North Korea Has Nukes and an Unpredictable Leader

It's not a good mix.

What's Going On With North Korea's Nukes?

North Korea isn't part of the official agenda at the two-day nuclear security summit hosted by President Barack Obama in Washington that begins today, but it is the most volatile security risk that can potentially reverse all the progress he has made on nuclear security in Northeast Asia. 

North Korea is the only Asian country known to have tested nuclear devices in this century, and it claims to have nuclear bombs small enough to be loaded onto ballistic missiles that can reach as far as the continental U.S. This has created fears in neighboring South Korea and Japan that they are the most realistic targets of North Korea's nuclear weapons and that they should beef up their military capabilities to tackle the threat of annihilation.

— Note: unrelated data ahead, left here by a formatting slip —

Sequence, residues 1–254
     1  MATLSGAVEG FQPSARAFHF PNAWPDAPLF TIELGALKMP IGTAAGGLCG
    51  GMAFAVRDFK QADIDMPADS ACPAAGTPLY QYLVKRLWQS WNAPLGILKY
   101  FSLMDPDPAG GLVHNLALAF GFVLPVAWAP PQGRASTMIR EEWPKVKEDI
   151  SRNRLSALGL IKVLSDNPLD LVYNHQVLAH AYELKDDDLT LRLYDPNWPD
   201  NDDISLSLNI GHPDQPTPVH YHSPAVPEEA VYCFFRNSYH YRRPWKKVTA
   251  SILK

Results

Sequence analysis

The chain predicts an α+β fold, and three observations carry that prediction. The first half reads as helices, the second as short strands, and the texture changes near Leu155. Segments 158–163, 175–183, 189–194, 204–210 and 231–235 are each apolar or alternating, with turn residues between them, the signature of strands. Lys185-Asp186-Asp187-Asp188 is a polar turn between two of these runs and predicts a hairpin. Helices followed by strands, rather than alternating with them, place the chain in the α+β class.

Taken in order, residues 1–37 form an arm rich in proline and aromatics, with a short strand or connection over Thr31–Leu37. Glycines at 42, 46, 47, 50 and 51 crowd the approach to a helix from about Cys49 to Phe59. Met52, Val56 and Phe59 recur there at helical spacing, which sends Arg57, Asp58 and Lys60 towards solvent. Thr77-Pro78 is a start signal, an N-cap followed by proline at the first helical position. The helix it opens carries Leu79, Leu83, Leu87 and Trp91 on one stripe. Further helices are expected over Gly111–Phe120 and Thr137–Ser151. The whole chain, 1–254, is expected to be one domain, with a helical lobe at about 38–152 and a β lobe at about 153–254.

Neither U.S. ally says it is interested in producing weapons-grade plutonium to create its own nuclear bombs for deterrence. Their officials have made it clear in the lead-up to the nuclear summit that they will not endorse growing calls at home and abroad that they should build their own bombs to ease reliance on the American nuclear umbrella.

Still, should North Korea go ahead with more tests as its leader Kim Jong Un pledges, it could embolden nuclear advocates further in South Korea and Japan and increase doubts about U.S. controls on nuclear development in the two countries. A nuclear arms race is no near-term risk in Northeast Asia, but a potential topic of concern that highlights the importance and urgency of weaning Kim off his nuclear ambitions. It illustrates why there's more to the summit this week than its official agenda: a good excuse for the leaders of the world to come together so they can talk about their true fears.

This Bloomberg QuickTake video explains North Korea's nuclear situation. 

Before it's here, it's on the Bloomberg Terminal.